CBS led with the Homeland Security press conference touting its success in the War on Drugs. Anchor Katie Couric praised the Coast Guard as "the good guys." Its agents seized 21 tons of cocaine from a freighter traveling from Colombia to Mexico. The raid happened in the Pacific Ocean off the coast of Panama. Bob Orr's unidentified sources explained why US authorities got involved: if the cocaine had managed to arrive in Mexico, it would have been transported overland by narcotraffickers, who would then try transship it out of Gulf of Mexico ports to the southeast coast of this country. "There is no evidence that the demand for drugs here in the US is dropping."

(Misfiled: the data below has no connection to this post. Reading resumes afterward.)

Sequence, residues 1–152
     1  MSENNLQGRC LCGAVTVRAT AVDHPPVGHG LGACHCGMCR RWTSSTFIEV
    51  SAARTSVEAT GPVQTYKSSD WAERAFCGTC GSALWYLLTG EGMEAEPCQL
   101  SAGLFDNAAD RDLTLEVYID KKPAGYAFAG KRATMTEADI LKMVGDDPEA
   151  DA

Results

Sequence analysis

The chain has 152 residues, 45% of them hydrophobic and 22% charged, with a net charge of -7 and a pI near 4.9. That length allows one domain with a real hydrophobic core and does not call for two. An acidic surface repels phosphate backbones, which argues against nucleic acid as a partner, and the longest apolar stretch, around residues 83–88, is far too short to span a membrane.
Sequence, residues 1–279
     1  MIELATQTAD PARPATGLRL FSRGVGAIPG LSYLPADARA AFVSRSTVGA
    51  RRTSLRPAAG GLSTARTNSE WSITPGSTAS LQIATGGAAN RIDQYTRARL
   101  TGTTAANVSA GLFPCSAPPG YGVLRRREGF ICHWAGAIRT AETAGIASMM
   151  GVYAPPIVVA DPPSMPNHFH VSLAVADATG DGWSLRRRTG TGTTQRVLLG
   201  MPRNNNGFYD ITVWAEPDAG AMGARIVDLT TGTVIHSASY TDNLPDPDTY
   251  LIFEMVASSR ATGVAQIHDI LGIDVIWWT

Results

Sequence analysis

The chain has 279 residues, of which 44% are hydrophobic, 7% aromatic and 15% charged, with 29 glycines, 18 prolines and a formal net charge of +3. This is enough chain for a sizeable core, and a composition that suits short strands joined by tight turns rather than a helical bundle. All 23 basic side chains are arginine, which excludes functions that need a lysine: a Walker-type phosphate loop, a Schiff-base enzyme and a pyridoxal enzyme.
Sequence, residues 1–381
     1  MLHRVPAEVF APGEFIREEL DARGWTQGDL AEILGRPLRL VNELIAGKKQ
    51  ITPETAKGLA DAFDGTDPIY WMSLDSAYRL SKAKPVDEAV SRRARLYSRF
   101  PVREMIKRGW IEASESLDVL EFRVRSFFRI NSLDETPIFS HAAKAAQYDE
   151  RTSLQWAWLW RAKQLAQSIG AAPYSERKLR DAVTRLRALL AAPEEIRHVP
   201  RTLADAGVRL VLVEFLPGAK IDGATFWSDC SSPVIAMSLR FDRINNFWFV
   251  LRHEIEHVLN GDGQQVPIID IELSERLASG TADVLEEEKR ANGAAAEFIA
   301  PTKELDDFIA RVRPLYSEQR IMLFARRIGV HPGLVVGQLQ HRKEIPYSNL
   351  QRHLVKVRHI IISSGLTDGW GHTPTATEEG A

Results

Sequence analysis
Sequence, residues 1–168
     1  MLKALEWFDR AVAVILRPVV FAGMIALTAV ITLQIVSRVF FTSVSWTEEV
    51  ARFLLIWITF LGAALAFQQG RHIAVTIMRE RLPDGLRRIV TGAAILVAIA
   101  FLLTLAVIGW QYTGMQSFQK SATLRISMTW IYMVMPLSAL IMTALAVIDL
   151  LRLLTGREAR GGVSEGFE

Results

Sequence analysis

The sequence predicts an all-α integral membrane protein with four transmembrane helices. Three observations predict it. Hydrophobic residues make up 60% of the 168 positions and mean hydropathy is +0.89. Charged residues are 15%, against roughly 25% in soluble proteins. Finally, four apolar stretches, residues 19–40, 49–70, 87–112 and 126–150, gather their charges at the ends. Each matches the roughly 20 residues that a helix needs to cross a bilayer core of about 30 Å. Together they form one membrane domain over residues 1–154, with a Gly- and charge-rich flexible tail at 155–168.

CBS followed up with a survey of the general domestic state of the War on Drugs. Byron Pitts found out that illegal drug use is changing from narcotics (3m cocaine users nationwide) to pharmaceuticals (6m abuse prescription drugs). After the FBI shifted its focus to counterterrorism, "violent crime fueled by drugs has spiked in many parts of the country," Pitts observed. Yet narcotics still account for a minority of cases: in New York City, for example, 26% of homicides are drug-related. Pitts wanted the city's Police Commissioner to call it a scourge: "For you, the War on Drugs is the War on Crime," Pitts proposed. It is "a War on Crime," the top cop Raymond Kelly demurred.
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